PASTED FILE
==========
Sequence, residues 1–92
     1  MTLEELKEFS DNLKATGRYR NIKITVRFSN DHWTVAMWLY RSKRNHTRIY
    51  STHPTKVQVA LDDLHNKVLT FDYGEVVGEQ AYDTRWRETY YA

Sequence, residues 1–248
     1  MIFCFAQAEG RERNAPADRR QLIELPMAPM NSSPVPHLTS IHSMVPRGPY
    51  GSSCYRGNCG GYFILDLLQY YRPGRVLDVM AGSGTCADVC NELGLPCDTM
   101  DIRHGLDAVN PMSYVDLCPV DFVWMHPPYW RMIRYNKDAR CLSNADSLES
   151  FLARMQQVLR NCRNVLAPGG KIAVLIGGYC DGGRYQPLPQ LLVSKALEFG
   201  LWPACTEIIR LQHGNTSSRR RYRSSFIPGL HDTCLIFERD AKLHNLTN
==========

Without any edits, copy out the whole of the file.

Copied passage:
Sequence, residues 1–92
     1  MTLEELKEFS DNLKATGRYR NIKITVRFSN DHWTVAMWLY RSKRNHTRIY
    51  STHPTKVQVA LDDLHNKVLT FDYGEVVGEQ AYDTRWRETY YA

Sequence, residues 1–248
     1  MIFCFAQAEG RERNAPADRR QLIELPMAPM NSSPVPHLTS IHSMVPRGPY
    51  GSSCYRGNCG GYFILDLLQY YRPGRVLDVM AGSGTCADVC NELGLPCDTM
   101  DIRHGLDAVN PMSYVDLCPV DFVWMHPPYW RMIRYNKDAR CLSNADSLES
   151  FLARMQQVLR NCRNVLAPGG KIAVLIGGYC DGGRYQPLPQ LLVSKALEFG
   201  LWPACTEIIR LQHGNTSSRR RYRSSFIPGL HDTCLIFERD AKLHNLTN